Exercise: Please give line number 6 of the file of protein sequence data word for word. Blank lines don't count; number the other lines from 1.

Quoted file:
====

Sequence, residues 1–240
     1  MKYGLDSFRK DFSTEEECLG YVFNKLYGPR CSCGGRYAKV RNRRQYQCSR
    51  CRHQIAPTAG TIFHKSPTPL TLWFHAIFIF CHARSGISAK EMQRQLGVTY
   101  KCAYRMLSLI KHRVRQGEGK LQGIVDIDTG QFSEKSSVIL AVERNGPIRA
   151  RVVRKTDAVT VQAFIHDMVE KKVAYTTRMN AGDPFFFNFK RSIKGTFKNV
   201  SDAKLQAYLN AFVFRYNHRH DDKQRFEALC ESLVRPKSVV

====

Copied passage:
   201  SDAKLQAYLN AFVFRYNHRH DDKQRFEALC ESLVRPKSVV